Falmouth Academy's Vernal Pool, Part of Its Living Classroom

Just beyond Hutker Yard, above the beehives and koi pond, past the chicken coop and greenhouse, next to the wind turbine, and above the cedar swamp lies a not-so-secret sanctuary for our community to explore. Falmouth Academy’s vernal pool—part of the school’s Living Classroom—was created in 2016 thanks to the generous support of the Edward E. Ford Foundation and scores of individuals who supported the creation of FASETS: the Falmouth Academy Science, Engineering, and Technology Scholars program. In addition to increasing the number of student internships and mentorships with local doctors, scientists, and engineers and funding the purchase of specialized gear for student projects and science activities outside of the classroom, FASETS funds were used to create this special ecosystem located at the upper edge of our campus.

 

In March of 2016, after two years of environmental site research, an excavator arrived along with students and teachers to dig up huge glacial boulders and create a slight depression in the earth. With stretching and hammering, participants laid out a biological-aquarium pad and liner, and placed tree limbs, hay and natural seed to grow into what is now a habitat for a variety of creatures.

 

Though the Falmouth Academy bees were the first to arrive for a drink in what was once just a bare puddle of water, the habitat has, over time, become home to a variety of wood frogs, green frogs, American toads, snakes, red-back salamanders, butterflies, dragonflies, and backswimmers. Students have discovered eggs from a variety of vernal pool creatures, but, thankfully, no mosquito larvae (they get eaten!). In addition, a number of feathered friends such as Red-Billed Blackbirds, Canvasbacks, and Herons frequent the vernal pool.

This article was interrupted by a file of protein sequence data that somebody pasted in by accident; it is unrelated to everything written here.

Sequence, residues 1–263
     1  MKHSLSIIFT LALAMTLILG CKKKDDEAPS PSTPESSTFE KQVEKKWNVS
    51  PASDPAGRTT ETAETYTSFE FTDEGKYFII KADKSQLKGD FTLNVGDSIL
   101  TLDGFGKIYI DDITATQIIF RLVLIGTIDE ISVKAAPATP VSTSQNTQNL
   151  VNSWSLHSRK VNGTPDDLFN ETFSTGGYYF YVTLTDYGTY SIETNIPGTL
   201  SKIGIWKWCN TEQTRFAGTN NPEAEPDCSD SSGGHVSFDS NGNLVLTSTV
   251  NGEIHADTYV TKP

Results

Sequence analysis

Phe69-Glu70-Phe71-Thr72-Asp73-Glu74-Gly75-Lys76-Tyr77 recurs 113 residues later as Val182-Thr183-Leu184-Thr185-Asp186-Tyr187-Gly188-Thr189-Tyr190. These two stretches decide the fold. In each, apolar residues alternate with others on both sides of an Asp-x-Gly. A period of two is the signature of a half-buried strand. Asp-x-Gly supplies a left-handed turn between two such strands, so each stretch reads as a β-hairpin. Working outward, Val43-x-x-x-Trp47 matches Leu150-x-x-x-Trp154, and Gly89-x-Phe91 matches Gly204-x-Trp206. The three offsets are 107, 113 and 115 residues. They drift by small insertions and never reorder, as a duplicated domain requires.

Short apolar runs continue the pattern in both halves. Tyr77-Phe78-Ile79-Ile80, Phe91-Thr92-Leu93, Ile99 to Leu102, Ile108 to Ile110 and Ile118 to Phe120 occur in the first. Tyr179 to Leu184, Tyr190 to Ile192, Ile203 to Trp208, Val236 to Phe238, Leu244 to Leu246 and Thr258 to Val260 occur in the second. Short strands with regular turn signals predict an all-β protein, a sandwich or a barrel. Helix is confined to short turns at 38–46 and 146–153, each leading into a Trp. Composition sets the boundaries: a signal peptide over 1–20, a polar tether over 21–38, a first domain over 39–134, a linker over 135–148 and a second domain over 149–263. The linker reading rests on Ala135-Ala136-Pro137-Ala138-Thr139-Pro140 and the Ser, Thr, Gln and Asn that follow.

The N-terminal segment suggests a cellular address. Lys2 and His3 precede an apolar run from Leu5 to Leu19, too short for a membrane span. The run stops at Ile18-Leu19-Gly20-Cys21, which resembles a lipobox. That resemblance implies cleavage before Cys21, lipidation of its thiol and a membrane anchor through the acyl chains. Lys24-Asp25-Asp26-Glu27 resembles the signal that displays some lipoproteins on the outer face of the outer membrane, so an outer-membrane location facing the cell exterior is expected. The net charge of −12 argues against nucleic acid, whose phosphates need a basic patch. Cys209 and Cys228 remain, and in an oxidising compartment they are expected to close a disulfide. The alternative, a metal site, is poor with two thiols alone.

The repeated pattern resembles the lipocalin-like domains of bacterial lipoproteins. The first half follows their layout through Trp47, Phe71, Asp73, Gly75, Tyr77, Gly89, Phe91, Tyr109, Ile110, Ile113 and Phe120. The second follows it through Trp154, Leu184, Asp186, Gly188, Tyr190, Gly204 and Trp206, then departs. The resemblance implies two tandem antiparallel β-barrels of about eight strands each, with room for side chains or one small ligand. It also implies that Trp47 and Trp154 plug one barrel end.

Our classes use the area to learn more about the science of vernal pools, studying water quality and the organisms found there. We continue to hunt for the elusive and endangered spotted salamander and spadefoot toad, and future plans include installing bat boxes and even a game-cam to learn more about the animals visiting the pool day and night. On any given day I notice students strolling (or skipping) along the adjacent Scholars’ Walk to visit the vernal pool to catch a glimpse of this ever-changing environment.

 

With all the threats to natural habitats these days, it has been pleasure to create something that gives back to a wild community that gives us so much.

 

- Jill Reves, Science Department Chair